I'm a track coach and this is a guide I've written up for my athletes for treating the actual physical issue. There could be issues in your form, shoes, feet etc. that make you prone to this kind of thing but in some cases it's just simply from imbalances in strength in the muscles.
    Shin Splints 101
    Some basic shin splint care is based around 3 things:
    � Strengthening Exercises
    � Massage
    � Dealing with Inflammation
    Strengthening:
    Exercise 1 � Place your butt against a wall. Place your feet together and about 2-3 ft in front of the wall. Now raise your toes, keeping your heels stationary. Raise your toes 10 times.
    Exercise 2 � Keeping your heels together and your feet the same distance from the wall, point your toes outward. Raise your toes 10 times, as high as they can go.
    Exercise 3 � Now point your toes inward, raise your toes 10 times, as high as they can go. Repeat 1-3 2 times total.
    Feet Position should look like
    !!
    \ /
    / \
    Calf Raises: Stand with your feet together and go up to your toes 2x15, again full range of motion (all the way up, all the way down)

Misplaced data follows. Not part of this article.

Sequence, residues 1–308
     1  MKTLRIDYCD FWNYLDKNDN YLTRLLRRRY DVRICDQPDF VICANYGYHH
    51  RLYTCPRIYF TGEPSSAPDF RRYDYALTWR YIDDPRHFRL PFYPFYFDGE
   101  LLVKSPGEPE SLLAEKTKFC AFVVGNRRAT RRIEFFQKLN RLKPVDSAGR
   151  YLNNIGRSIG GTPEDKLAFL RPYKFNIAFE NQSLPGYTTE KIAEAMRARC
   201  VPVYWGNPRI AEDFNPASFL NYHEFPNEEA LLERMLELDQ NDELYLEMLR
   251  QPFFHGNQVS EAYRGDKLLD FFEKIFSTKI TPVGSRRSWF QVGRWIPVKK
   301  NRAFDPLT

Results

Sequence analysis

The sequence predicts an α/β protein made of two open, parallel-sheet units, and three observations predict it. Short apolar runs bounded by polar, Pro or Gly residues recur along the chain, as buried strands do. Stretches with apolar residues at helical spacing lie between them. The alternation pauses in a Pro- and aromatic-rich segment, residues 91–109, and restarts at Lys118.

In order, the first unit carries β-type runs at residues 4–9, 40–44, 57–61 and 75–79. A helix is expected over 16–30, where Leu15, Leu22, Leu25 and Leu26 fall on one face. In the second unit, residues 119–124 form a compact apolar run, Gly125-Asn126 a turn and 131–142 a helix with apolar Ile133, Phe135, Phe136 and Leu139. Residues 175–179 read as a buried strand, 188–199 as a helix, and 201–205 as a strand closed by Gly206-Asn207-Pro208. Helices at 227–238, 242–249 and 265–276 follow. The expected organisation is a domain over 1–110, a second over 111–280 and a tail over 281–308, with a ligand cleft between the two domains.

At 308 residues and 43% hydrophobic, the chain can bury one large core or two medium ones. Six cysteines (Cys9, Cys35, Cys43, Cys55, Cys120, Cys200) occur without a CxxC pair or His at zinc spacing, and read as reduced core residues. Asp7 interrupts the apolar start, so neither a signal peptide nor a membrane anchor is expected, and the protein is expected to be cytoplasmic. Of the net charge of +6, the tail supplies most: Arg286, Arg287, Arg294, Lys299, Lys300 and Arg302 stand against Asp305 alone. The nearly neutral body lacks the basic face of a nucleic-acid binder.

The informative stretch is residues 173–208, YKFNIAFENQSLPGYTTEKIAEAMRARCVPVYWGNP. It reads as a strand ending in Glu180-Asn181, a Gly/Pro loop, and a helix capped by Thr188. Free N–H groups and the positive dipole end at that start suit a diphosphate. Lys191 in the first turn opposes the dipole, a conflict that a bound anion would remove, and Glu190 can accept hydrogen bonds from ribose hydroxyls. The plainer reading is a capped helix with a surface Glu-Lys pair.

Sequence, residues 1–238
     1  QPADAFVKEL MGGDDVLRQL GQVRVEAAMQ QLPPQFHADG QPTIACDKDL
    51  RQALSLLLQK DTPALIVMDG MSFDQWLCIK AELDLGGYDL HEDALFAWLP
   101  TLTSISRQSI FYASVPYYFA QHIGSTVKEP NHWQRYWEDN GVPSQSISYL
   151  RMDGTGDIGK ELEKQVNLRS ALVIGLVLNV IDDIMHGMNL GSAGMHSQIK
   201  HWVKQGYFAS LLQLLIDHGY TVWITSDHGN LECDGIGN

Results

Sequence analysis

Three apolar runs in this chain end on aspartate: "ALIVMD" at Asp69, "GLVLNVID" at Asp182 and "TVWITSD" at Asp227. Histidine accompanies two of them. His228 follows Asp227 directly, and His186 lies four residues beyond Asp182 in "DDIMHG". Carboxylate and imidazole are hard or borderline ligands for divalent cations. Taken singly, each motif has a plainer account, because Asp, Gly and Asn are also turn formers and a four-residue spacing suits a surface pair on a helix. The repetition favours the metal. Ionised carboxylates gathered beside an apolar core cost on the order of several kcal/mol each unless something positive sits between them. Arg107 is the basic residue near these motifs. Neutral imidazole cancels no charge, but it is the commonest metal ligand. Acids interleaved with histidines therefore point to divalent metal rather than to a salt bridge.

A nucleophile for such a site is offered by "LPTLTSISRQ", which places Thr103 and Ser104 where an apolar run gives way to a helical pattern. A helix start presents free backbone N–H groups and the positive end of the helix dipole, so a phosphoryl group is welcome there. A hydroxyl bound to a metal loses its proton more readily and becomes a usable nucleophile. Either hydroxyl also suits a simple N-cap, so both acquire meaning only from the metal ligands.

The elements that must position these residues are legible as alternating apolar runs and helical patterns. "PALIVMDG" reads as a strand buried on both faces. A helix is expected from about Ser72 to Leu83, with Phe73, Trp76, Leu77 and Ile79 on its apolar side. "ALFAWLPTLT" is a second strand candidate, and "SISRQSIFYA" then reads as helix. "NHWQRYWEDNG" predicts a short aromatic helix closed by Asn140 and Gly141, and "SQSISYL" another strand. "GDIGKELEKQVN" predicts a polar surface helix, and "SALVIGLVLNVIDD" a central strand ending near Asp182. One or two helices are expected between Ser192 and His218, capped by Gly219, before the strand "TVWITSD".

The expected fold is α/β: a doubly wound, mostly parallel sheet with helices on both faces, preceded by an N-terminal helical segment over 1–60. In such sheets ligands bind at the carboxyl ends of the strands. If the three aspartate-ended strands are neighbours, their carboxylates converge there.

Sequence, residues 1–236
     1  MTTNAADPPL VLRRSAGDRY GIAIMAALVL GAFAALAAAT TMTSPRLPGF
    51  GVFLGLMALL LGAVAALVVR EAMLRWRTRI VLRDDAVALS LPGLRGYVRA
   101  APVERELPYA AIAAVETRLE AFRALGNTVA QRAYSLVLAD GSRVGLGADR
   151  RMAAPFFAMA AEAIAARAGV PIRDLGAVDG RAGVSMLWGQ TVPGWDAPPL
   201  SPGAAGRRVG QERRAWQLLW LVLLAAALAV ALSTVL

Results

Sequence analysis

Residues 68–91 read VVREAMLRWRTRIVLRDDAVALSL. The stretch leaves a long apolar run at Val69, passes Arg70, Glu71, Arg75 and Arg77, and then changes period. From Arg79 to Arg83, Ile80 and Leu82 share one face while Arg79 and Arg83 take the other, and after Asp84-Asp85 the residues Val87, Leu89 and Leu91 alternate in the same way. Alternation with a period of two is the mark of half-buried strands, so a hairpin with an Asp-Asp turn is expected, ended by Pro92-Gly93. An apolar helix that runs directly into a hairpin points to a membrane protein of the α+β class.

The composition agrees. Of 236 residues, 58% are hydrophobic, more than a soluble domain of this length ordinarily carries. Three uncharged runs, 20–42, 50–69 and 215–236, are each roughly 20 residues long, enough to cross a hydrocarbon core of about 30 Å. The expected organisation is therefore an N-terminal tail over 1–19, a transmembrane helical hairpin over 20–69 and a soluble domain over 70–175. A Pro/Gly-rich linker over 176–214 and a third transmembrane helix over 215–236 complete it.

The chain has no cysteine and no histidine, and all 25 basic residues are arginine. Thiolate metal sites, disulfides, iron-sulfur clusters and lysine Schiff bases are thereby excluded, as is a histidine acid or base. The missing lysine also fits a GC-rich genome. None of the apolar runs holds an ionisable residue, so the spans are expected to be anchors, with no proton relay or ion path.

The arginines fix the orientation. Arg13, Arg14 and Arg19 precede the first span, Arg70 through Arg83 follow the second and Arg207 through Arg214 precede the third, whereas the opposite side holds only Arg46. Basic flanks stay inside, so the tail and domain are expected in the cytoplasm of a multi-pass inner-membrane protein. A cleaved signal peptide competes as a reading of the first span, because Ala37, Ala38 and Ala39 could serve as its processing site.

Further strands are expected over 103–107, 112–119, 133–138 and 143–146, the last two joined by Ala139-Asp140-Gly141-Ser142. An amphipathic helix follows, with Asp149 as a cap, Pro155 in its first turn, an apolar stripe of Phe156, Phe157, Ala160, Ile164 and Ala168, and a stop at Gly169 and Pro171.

Toe Crunches: Exactly what it sounds like. Crunch your toes 50 times in the morning, 50 times at night. Increase the numbers as you feel you are getting stronger.
    Massage:
    Grab some hand cream or something like that and grab a nice big glob in your hands. Lather up your shins and dig in, make sure you really dig in and break up adhesions in your muscles, digging on both sides of the shin bone, work out your calf as well. This isn�t meant to be comfortable, really dig in there, you will know if you�re in the right spot mostly but how sore it is. You don�t want to kill it but you should work through the discomfort a little bit and feel it loosening up a bit.
    Inflammation: Ice, Ice and more Ice. Get a good icepack, heck a bag of peas or corn will work if you�re in a pinch. After you massage make sure you ice for at least 15 minutes on the shins. 15 minutes on, 15 minutes off � 2 or 3 times while watching TV at night will go along way to helping!
    If your shins are really bad and I mean really bad you can take some Aleve or Advil which are anti-inflammatory, Aleve is recommended. 2 Aleve pills in the morning and 2 before you go to bed. Take it for 3-4 days. You don�t want to take the pills for too long obviously but it will help with the initial inflammation if they are almost unbearable.
    This isn�t going to be an instant fix, you really need to stick with the strengthening exercises doing them daily and massage every other day or everyday if you feel if it�s necessary. A few weeks of this and your shins should be feeling better!